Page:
The grounds for the songs on ‘The Magic Whip’ were created in five days while Blur were essentially stranded in Japan with nothing to do. Bare that in mind when listening to Blur’s first album in 13 years – that this album hasn’t been 13 years in the making but more like something that came as a quick revelation. In that time away as a band the two main creative forces behind Blur, Graham Coxon (who wasn’t a part of Blur’s last album ‘Think Tank’) and Damon Albarn have both been constantly creating and adjusting to the fact that they’re now middle-aged men who’re nowhere near as pretty as they once were.
Damon Albarn’s most recent solo album consisted of him singing in an extremely dreary manner pretty much the entire way through the album. He pondered upon what the world was coming to with everybody turning into ‘Every day robots on our phones’ and the fact that we’re becoming gradually more disenfranchised as a society as times goes on. In contrast, over the course of Coxon’s solo career he’s kept a lot of the spirit of Blur alive in his material with a series of albums that each proved how big a part he played in Blur’s material.
It’s a wonderful miracle then, that on a large part of ‘The Magic Whip’ Blur actually manage to marry the two elements of these guys’ solo careers together with the chemistry they’ve always had. Especially considering that after the five days that Blur recorded these songs together, the album was pretty much made in separate places at separate times, going back and forth between Coxon and Albarn. For example the production on this album very much sounds like Graham Coxon had a lot to do with it. The opening notes of the first track ‘Lonesome Street’ sound so stereotypically like Blur with a guitar tone that’s previously been heard on songs like ‘There’s No Other Way’. There’s also an element of experimentation on this album that never feels over indulgent like how a lot of people feel about Damon Albarn’s solo projects (Note: Myself not included in this). Every synth note or shambolic guitar solo on ‘The Magic Whip’ is made to pop even when everything around it is surrounded by a dark shadow.
This shadow being Damon Albarn himself, who sounds like he’s trying to capture some of the gloom from ‘Everyday Robots’ on here. For the lyrics, Albarn went back to where they originally recorded the songs in Japan and wrote about the feelings the place brought up in him. As a result, Albarn’s lyrics feel very descriptive and are laid out clearly. On the track ‘There Are Too Many Of Us’ he opens with the line ‘There are too many of us/ it’s plain to see/ We all believe in praying/ for our immortality’, the lyrics are simple and clearly detail his thought process and the questions he ponders upon when walking through Japan, right down to the fact that he feels homesick like on the track ‘Thought I Was A Spaceman’. He constantly makes reference to the places he would pass while travelling through Japan with lyrics like ‘I want to be with you/On a slow boat to Lantao’ on the track ‘Ong Ong’ and references to a Buddhist monastery on ‘Ghost Ship’.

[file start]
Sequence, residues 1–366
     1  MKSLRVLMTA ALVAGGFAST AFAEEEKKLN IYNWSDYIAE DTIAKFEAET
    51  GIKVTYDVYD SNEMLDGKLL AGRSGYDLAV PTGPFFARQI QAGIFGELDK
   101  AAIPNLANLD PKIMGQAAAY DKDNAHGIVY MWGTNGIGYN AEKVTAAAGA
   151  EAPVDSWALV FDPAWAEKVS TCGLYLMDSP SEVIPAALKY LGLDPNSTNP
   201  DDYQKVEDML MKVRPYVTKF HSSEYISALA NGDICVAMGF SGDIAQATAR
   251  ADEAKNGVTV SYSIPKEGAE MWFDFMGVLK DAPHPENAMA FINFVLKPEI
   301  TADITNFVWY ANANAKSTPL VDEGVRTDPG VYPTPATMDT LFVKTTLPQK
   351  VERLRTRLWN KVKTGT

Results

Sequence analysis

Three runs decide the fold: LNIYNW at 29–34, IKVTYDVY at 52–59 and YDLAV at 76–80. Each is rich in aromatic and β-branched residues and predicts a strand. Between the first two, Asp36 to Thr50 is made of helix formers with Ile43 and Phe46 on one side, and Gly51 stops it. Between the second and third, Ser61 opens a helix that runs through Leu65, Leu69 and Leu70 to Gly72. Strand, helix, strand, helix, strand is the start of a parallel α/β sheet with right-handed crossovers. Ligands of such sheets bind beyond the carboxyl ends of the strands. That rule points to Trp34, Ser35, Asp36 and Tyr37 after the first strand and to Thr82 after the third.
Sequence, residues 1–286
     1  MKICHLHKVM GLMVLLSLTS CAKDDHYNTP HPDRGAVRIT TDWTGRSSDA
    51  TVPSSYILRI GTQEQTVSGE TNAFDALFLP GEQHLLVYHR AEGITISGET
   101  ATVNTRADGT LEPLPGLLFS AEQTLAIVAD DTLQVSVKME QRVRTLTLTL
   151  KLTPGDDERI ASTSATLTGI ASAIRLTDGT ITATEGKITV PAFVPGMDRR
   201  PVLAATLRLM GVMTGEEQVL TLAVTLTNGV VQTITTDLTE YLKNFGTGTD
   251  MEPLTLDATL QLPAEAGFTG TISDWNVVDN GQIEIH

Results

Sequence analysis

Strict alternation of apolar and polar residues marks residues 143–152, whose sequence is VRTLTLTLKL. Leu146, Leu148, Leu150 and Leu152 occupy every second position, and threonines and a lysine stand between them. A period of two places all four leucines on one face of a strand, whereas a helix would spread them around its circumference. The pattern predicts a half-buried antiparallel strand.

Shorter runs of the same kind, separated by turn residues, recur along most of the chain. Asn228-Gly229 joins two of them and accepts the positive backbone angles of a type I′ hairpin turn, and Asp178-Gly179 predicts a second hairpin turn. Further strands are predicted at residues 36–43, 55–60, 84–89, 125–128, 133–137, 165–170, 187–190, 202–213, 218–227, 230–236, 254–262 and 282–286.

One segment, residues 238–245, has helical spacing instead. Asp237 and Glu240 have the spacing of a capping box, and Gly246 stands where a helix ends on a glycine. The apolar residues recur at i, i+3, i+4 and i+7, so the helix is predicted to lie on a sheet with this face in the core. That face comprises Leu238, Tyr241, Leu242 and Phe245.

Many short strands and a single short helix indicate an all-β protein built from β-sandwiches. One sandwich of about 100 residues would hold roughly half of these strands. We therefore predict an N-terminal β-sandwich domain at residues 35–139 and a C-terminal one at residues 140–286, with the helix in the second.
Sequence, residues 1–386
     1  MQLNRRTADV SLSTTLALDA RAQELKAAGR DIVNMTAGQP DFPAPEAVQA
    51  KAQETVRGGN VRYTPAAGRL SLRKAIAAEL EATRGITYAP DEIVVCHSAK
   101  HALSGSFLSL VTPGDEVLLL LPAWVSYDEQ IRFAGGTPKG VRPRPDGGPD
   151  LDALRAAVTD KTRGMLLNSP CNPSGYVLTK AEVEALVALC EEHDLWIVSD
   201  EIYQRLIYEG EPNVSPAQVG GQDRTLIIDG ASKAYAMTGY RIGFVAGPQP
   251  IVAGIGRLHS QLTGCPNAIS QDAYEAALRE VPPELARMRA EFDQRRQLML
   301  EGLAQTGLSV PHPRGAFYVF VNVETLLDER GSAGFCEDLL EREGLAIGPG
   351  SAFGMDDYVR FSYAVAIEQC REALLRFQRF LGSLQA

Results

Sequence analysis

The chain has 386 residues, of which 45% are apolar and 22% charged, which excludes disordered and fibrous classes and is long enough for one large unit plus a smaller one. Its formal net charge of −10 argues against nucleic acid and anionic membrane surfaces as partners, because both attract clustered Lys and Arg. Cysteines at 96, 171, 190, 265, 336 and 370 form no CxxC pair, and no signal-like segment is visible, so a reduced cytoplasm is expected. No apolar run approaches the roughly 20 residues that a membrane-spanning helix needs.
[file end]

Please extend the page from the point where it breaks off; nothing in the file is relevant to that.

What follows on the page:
Albarn’s knack for creating satirical and witty lyrics are pretty much gone on this album much like on his solo album. They’re traded for lines that are interesting and often compelling from a voyeuristic perspective, yet really lack that urgency of Blur’s early material that really made them stand out. Damon Albarn is occasionally guilty of sounding slightly one-dimensional at times when the lyrics because ever-so-slightly too obvious. This is also reflected in the melodic side as well when the gloom becomes too gloomy and instead sounds bland like on the track ‘Go Out’ which has a vocal melody that grows tedious towards the end of the song.
Even if the vocal melodies sometimes sound slightly dull at times, they never feel out-of-place. The band do a great job of actually stitching together this album and even though it was recorded in multiple sessions, it always sounds like it was all done together all at once. There’s still an undeniable chemistry between the members of Blur after all this time. The instrumentation itself sounds like they were never apart for the vast majority of this album. So many of the tracks on here sport that acoustic backdrop that we’re familiar with in their music that acts more as a way of keep rhythm rather than a chord progression like on the most typically Britpop-era-Blur sounding song on the album ‘Lonesome Street’. Most of the other songs are some of the most airy the band have ever conceived and sound well-fitting to the environment they were born in, yet it’s the subtle things in every song that sound like taking a trip down memory lane such as the little guitar scales played by Coxon on ‘My Terracotta Heart’.
Blur have found themselves in a position that not many would have predicted in the 90s. They’ve found themselves with one of the most critically acclaimed back-catalogues from the Britpop era, showing that they have so much more longevity than their old contemporaries such as any of the Oasis members. They’ve adapted and managed to make an album that captures the fact that the band was out of their comfort zone both sonically and recording wise when making this, yet it sounds original and wholly true to themselves. Blur may not be at their peak when making this style of music, but they’ve proven that after all this time that there’s still an immense chemistry in them.
Best Tracks: Lonesome street, Ghost Ship, My Terracotta Heart, Ice Cream Man